Edward Snowden came close to outright declaring victory Tuesday in his crusade against government spying, seizing on the White House’s plan to end bulk collection of domestic phone records in its current state.
“This is a turning point, and it marks the beginning of a new effort to reclaim our rights from the NSA and restore the public’s seat at the table of government,” the former National Security Agency contractor said in a statement circulated by the American Civil Liberties Union, which is providing the fugitive legal advice.
He added: “Congress is considering historic, albeit incomplete reforms. And President Obama has now confirmed that these mass surveillance programs, kept secret from the public and defended out of reflex rather than reason, are in fact unnecessary and should be ended.”
Snowden’s comments arrive a day after The New York Times reported that Obama would accept a proposal from his administration to allow the vast database of phone records to stay in the hands of phone companies. The switch from current protocol would allow NSA agents to access data on a target only after obtaining an order from the Foreign Intelligence Surveillance Court.
Snowden, 30, became an overnight household name in June 2013, after leaking about 1.7 million top-secret documents he downloaded when employed in Hawaii by government contractor Booz Allen Hamilton. A torrent of news reports exposing the government’s surveillance programs continued throughout the year and has not abated in 2014.
Snowden fled to Hong Kong and eventually landed in Russia, where he currently resides, following an extended diplomatic controversy culminating with him earning temporary asylum there.
Earlier on Tuesday, Obama said he was “confident” the NSA changes would address privacy concerns.
“It allows us to do what is necessary in order to deal with the dangers of a nefarious attack and addresses the dangers that people have raised,” the president said.
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At the end of the debate, moderator Lester Holt asked Donald Trump if he stands by his statement that Hillary Clinton didn't have the look of a president. Trump responded by saying Holt misquoted him, instead saying that Clinton "doesn't have the stamina." Clinton responded by saying that when Trump visits 112 countries as secretary of state, he can talk to her about stamina.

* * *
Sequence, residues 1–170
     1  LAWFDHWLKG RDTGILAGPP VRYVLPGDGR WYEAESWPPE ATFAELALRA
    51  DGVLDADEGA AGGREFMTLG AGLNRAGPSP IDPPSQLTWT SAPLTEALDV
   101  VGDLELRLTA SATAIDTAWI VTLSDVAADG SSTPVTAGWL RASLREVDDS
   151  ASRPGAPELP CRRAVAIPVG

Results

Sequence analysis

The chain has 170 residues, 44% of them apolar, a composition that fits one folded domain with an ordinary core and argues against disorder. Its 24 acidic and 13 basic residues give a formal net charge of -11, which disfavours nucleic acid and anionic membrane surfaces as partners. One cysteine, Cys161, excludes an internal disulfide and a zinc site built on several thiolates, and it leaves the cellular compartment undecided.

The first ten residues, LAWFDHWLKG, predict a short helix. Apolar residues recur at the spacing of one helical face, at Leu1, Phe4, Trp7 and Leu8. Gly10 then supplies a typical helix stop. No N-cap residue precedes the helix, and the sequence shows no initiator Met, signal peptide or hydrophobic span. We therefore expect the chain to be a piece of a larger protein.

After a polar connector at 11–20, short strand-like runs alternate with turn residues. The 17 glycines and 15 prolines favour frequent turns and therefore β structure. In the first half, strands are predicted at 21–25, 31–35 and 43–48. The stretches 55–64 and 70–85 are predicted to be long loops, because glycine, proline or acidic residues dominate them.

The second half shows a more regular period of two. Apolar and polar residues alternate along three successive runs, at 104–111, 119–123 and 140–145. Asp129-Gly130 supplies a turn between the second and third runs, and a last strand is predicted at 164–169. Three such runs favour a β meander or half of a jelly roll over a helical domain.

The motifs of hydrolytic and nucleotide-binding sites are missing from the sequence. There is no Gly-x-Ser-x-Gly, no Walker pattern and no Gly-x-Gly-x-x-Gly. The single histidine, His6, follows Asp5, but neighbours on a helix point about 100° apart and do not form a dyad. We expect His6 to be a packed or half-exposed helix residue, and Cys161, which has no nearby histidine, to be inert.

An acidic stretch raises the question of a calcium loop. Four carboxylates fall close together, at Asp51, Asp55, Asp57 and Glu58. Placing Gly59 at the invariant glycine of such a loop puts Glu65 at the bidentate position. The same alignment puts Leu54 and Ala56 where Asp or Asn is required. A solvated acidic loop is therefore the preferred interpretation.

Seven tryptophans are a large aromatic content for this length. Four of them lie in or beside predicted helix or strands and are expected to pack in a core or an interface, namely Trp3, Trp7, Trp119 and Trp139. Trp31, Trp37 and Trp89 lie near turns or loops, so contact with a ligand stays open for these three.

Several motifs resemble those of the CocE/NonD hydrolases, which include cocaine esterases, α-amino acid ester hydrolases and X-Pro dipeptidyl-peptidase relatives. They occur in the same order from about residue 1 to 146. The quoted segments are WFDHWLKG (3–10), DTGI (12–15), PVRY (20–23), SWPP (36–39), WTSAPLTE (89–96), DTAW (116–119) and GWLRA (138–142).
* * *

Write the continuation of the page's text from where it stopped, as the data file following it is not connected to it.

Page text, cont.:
Donald Trump, when pressed by Lester Holt on why he finally admitted that President Obama was born in America, repeated his widely debunked claim that it was started by Hillary Clinton.
Hillary Clinton went point by point on how race can so often determine the treatment that people receive, mentioning recent shootings in Tulsa and Charlotte, calling for restored trust between communities and police, and demanding criminal justice reform. Trump responded by calling for law and order and touting his endorsements from police unions. He then said that “African Americans are living in hell,” saying they are just walking down the street and getting “shot ... being decimated by crime."
Just as Hillary Clinton was inviting debate viewers to visit her site for real-time fact checking, there appeared to be a problem with Donald Trump's own campaign website. For about a 15-minute period, a blank page or an error message appeared when we tried to load the Trump site.
Donald Trump has come out in the first segment of this debate raring to go. Trump has interrupted nearly every answer being given by Hillary Clinton, talking over her time and again. Clinton is sticking to her guns, smiling while Trump speaks and then calling on people to go to her website and see the fact checking being done.